January 23, 2013

ATM speech output rule spawns new suits

The automated teller machine speech output requirement implemented last year under the Americans With Disabilities Act is being used in dozens of lawsuits being filed by two individuals against banks and credit unions in several states.

As reported Wednesday by Credit Union Journal, R. Bruce Carlson is the plaintiffs' attorney in these suits. The publication says Carlson most recently filed a suit on behalf of Victoria Gilkerson, described as legally blind, against Houston FCU in Texas. She reportedly has also filed suits in the past two against First Community CU (also Houston) Chasewood Bank and Texas First Bank. In all, it says, she is the plaintiff in 19 ADA suits.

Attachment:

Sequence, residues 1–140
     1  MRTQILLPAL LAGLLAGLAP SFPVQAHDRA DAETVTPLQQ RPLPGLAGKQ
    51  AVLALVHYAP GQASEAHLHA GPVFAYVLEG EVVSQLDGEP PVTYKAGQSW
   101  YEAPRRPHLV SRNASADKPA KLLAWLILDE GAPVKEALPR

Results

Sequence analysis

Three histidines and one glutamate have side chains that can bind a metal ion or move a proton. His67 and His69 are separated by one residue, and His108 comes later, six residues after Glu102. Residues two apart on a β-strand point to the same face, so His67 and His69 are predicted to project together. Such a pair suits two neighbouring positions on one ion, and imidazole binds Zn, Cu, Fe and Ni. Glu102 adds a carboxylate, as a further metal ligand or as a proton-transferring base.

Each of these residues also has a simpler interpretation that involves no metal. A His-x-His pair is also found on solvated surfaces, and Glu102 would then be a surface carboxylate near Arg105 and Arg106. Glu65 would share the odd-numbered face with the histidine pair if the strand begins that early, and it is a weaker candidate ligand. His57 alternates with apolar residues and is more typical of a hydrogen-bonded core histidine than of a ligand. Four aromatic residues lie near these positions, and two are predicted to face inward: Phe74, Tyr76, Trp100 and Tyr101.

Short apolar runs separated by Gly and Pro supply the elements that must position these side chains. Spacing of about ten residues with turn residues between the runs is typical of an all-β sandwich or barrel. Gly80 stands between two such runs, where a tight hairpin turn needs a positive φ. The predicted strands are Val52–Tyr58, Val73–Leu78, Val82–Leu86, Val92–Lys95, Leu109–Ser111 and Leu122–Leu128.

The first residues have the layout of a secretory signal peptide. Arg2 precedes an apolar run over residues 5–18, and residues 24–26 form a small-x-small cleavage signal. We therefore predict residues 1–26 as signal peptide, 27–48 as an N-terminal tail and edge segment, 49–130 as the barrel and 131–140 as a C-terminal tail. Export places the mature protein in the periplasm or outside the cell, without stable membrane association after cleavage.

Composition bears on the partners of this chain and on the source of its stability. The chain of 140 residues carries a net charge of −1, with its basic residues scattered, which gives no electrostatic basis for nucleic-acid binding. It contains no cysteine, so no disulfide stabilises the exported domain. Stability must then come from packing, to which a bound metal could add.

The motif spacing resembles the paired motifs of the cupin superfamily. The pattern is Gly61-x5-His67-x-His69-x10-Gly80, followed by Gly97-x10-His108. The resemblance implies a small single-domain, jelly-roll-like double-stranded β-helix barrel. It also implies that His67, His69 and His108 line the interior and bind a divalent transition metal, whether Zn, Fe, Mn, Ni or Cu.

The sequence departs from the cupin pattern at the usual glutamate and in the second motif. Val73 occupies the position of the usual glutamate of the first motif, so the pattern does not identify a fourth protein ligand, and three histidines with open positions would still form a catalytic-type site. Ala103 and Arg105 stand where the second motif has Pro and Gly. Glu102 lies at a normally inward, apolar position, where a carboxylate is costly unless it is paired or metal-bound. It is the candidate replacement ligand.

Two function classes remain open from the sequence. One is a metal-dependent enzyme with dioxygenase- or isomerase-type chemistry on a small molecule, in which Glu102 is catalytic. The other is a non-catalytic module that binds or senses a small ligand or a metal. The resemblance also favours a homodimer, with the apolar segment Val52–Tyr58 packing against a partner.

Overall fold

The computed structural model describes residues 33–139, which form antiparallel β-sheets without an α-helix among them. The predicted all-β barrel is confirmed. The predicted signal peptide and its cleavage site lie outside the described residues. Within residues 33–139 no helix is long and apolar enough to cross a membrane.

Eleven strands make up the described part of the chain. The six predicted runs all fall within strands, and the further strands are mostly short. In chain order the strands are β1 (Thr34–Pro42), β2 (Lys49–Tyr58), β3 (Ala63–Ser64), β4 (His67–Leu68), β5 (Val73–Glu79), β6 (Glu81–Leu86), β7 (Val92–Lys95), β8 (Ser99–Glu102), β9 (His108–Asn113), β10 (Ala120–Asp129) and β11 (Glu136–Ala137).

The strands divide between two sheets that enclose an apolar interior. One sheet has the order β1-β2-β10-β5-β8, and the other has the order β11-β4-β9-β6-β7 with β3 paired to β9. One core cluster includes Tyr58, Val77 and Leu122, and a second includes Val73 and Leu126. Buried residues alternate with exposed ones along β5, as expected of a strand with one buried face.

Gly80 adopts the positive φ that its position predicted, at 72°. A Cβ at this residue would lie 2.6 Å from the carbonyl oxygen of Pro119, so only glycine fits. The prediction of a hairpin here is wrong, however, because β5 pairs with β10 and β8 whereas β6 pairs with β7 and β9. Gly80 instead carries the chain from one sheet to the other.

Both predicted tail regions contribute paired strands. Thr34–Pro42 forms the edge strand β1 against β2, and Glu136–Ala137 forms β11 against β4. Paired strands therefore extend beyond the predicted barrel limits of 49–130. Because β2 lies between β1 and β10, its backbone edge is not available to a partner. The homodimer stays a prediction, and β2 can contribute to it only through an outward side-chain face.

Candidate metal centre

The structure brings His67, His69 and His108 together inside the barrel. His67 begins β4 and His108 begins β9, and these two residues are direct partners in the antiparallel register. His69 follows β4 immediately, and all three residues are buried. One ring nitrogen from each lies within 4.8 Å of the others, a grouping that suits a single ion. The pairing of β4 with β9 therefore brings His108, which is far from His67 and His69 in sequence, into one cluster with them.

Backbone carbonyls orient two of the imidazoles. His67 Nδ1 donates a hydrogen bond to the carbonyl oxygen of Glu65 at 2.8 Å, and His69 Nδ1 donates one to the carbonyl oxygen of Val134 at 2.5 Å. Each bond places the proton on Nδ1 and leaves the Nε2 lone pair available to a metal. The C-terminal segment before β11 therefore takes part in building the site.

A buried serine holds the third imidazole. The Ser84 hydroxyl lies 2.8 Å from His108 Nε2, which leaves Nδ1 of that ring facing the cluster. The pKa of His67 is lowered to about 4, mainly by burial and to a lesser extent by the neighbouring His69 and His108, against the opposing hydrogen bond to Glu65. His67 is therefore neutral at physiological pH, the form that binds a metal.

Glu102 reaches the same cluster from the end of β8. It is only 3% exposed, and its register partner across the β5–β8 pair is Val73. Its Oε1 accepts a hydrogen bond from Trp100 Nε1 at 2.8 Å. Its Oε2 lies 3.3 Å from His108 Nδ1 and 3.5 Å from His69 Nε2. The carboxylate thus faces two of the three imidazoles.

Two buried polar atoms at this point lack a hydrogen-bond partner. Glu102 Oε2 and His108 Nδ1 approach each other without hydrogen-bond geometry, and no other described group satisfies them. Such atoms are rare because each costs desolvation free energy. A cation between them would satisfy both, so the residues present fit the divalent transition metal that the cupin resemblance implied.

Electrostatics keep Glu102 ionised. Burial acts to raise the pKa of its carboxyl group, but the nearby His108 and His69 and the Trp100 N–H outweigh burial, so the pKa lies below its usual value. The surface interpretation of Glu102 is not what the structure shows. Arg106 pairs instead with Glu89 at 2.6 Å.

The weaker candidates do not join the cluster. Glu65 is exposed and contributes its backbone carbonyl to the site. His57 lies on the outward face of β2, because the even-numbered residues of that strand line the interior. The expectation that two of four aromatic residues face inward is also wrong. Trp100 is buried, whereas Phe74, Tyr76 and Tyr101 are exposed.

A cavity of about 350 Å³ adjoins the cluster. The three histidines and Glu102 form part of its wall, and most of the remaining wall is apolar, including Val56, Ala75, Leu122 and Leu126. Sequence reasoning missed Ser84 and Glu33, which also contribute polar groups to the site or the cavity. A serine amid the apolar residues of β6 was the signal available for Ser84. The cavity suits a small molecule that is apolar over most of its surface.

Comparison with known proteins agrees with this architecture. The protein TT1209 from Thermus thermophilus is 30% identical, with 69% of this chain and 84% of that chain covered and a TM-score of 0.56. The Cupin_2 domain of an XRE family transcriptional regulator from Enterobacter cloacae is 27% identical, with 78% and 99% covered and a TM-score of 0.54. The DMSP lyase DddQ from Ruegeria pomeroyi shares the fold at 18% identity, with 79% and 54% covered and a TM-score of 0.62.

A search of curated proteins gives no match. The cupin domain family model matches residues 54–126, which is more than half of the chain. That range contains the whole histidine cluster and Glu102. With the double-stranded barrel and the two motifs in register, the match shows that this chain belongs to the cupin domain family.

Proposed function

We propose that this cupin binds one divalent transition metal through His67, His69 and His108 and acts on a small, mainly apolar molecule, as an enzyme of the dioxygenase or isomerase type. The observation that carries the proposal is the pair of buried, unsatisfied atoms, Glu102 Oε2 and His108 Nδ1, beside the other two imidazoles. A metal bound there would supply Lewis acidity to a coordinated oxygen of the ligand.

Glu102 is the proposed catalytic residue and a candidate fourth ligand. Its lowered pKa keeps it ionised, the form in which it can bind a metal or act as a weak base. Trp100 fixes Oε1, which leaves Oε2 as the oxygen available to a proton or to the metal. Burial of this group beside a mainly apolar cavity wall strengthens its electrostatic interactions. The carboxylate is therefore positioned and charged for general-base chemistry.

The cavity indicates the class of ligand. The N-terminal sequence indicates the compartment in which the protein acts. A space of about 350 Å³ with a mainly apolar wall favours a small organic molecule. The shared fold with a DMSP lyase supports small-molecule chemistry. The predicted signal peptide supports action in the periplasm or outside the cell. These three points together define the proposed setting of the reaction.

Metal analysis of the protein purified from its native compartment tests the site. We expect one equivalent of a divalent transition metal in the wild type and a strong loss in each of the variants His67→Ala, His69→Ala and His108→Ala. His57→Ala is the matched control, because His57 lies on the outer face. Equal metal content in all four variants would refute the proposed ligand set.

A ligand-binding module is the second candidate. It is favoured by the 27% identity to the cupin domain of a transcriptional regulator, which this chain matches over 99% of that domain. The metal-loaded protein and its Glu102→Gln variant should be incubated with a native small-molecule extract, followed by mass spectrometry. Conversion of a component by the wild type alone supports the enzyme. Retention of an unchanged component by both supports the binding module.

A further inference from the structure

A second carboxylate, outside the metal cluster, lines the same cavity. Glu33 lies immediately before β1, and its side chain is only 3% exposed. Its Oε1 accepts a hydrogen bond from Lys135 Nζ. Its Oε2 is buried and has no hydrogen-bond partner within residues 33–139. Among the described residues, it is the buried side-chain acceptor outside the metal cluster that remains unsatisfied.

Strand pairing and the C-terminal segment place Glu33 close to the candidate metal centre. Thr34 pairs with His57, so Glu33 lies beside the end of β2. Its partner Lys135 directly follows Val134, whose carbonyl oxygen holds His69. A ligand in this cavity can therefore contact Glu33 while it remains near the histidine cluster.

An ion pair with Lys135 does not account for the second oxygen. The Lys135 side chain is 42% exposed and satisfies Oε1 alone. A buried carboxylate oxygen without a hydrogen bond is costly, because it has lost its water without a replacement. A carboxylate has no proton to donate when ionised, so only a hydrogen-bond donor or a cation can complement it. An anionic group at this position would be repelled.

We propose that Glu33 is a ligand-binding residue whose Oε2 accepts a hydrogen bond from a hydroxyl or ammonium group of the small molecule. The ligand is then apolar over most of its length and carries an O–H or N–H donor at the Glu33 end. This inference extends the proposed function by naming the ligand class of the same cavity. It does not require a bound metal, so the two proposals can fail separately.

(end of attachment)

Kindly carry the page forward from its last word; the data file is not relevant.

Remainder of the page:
The ADA requirement at issue took effect last March 15. Under a rule change by the Justice Department, all ATMs must provide for speech output through a mechanism that is accessible to all users (for example, a phone handset). Braille instructions for operating the speech output mode must be provided as well.

Wednesday's report notes suitsfiled in Texas and Pennsylvania typically are being settled out of court, with the defendant ATM owners agreeing to bring their ATMs into compliance plus pay attorney fees.

(Other news reports name Carlson as the chief plaintiff's attorney in the proliferation of ATM disclosure suits. Those suits werefiled prior to enactment of legislation, sought by NAFCU, that eliminated the placard rule from the Electronic Funds Transfer Act.)

NAFCU provided members details on this ADA requirement in a 2010 Final Regulation, 10-EF-14. It remains available online (login is required).